IM OT WM GU BY SH EB JR PU YC PV LW ZI CZ DB DM RU BH TY FV
I’ve arranged them in 2 letter groups because this next part is how we’ll encode/decode our message. Let’s convert these to numbers. I’m just going to grab a couple to use as we won’t need all of them.
We’re going to now use this to encode our secret message “I THINK EVE IS LISTENING” by grouping them by two characters, removing spaces, and formatting it like we did before. We do this because we don’t want “Eve” to know how many characters each word has. That would be a hint to our message’s contents.
The next part is where the magic happens. We are going to keep the first secret key the same so Alice can know which One-time pad to use to decode the message. Ideally a One-Time pad is made up of several pages of random characters and you’ll
need a way to let each other know which one you’re using. So we’re going to line up the data and add one to the other. We’re only adding the individual digits and ignoring any time it goes over 10 by just writing the remainder. This is called
Modulus 10, but that’s getting into the “mathy” thing we talked about. Just think
9 + 4 = 13 so we take off the
10 part and end up with
Remember we are only adding single digits. You should never be adding more than one digit from the message to more than one digit of the One-time at a time.
Now that we have our secret encrypted cipher text, we destroy our pad and it will be secure. If we’re caught with the message we wouldn’t be able to provide a way to read it even with a 5$ wrench attack.
0913 1440 2112 1132 0747 1407 1414 1927 3626 3902 2029
So Bob sends his message to Alice via carrier pigeon. Eve has a fleet of pigeon intercepting hawks who grab Bob’s pigeon so Eve can copy down the message and send them on their way. Upon arriving, the pigeon tells Alice its harrowing tale. Unfortunately, Alice doesn’t understand the pigeon’s regional dialect but even if she did, she would not be concerned that the message’s contents were compromised.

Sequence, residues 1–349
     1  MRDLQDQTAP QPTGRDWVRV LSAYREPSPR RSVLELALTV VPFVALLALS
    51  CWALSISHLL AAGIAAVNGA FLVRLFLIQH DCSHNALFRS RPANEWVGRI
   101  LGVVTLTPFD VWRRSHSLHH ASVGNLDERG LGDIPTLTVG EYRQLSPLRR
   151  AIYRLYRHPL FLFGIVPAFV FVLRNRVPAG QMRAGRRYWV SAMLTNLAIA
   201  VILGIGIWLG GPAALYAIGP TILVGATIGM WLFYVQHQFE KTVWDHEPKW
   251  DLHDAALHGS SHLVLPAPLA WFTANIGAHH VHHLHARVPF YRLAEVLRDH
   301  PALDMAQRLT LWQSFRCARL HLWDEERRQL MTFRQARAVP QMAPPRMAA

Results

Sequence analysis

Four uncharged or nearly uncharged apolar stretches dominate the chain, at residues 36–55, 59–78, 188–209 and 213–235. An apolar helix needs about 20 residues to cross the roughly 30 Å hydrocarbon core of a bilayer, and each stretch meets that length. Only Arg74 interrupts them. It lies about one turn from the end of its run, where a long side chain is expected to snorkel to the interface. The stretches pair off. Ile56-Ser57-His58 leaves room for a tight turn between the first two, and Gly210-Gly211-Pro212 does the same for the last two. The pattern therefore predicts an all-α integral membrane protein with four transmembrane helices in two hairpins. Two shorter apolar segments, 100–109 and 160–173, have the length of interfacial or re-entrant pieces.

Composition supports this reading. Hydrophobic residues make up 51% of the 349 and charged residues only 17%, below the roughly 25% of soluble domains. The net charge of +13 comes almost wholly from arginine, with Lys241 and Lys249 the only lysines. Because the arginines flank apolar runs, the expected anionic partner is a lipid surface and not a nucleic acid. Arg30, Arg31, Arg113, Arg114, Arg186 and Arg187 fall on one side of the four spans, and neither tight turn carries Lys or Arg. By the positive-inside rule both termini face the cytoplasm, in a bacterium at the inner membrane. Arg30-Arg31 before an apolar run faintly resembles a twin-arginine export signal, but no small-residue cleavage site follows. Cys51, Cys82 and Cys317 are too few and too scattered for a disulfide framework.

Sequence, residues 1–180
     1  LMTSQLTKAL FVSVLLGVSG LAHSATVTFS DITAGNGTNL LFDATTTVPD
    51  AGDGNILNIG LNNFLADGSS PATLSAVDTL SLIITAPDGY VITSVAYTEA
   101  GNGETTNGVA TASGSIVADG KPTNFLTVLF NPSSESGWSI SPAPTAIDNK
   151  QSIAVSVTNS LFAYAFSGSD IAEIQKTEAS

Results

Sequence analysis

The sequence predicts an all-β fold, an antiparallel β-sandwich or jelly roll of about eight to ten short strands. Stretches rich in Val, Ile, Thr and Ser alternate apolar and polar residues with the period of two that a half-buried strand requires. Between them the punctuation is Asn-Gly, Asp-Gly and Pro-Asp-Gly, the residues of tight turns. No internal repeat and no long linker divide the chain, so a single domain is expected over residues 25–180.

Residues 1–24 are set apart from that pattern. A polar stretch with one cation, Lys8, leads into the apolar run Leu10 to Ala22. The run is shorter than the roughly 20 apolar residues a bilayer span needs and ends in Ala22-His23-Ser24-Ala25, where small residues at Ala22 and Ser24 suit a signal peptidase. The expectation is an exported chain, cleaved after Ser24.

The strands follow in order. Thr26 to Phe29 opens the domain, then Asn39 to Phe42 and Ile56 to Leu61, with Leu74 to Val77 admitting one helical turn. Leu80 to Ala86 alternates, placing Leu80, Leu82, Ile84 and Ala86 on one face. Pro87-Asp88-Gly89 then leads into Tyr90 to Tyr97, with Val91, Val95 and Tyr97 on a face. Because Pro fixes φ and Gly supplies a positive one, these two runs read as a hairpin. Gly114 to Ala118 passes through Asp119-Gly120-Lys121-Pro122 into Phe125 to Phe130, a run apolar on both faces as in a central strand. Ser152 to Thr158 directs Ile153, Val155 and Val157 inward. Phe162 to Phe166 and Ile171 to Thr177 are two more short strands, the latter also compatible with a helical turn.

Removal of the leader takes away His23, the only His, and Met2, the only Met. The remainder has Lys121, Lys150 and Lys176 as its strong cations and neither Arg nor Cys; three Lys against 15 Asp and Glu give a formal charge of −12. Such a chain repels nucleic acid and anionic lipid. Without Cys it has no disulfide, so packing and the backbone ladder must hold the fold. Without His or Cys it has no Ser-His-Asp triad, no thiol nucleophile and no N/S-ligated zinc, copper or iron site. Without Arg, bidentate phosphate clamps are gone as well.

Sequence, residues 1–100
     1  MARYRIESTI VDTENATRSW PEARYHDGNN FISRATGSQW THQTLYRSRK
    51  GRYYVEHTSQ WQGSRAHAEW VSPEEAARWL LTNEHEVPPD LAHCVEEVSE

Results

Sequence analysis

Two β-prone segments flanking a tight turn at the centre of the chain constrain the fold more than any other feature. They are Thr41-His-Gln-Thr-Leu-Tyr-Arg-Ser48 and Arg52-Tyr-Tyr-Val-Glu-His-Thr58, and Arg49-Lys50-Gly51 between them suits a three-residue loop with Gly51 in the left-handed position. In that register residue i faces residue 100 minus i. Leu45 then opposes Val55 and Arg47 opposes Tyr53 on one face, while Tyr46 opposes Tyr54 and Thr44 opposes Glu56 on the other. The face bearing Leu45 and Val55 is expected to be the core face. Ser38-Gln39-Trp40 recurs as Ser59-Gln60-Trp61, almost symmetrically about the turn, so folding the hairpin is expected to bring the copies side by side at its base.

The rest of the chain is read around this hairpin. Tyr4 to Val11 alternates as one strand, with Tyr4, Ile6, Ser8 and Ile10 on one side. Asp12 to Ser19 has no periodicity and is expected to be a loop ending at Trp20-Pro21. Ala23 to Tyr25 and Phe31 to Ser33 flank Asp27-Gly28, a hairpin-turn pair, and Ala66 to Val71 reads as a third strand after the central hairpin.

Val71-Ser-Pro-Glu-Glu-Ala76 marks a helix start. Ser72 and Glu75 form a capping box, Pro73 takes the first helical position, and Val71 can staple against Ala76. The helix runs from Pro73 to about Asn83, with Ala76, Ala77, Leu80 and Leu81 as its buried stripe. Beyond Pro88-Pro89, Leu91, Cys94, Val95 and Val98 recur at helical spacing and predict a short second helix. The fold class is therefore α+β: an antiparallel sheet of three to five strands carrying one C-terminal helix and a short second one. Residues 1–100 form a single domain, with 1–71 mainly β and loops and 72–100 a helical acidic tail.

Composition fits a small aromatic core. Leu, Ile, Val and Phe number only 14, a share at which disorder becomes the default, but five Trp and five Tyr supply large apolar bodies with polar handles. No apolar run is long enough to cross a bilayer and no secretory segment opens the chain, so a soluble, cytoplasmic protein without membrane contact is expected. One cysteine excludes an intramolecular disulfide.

To decrypt, Alice needs to take the secret Cipher, and subtract her secret key from it using the same modulus method (subtracting the remainder from 10) so
3 - 9 = -2 which would mean
10 - 2 = 8
The pigeon reads the message and nods in agreement. Seeing this, Alice burns her scratch pad and the One-time pad. Eve can now never know what the message said.
As an exercise, and to demonstrate why this is such a strong encryption method, try decoding the previous cipher using the One-time pad of this:
0913 0835 1017 0827 9348 0594 9918 1805 2118 3082 2503
You’ll notice the cipher is the same. It’s the same thing Eve has, but the message is different! It would have been nice to work out a message that could fit our conversion table nicely but remember that our attacker doesn’t know that either and therefore would have to assume that on the conversion table, there are numbers that go up to 93 and so on. Often time codebooks use numbers like this as well.
Moving forward we’re going to talk about PGP, GPG and different concepts of encryption. This post was specifically made in order to prepare you for heading into our post You down with PGP? Yeah you know me!. So head on over there if you want to dig a little deeper.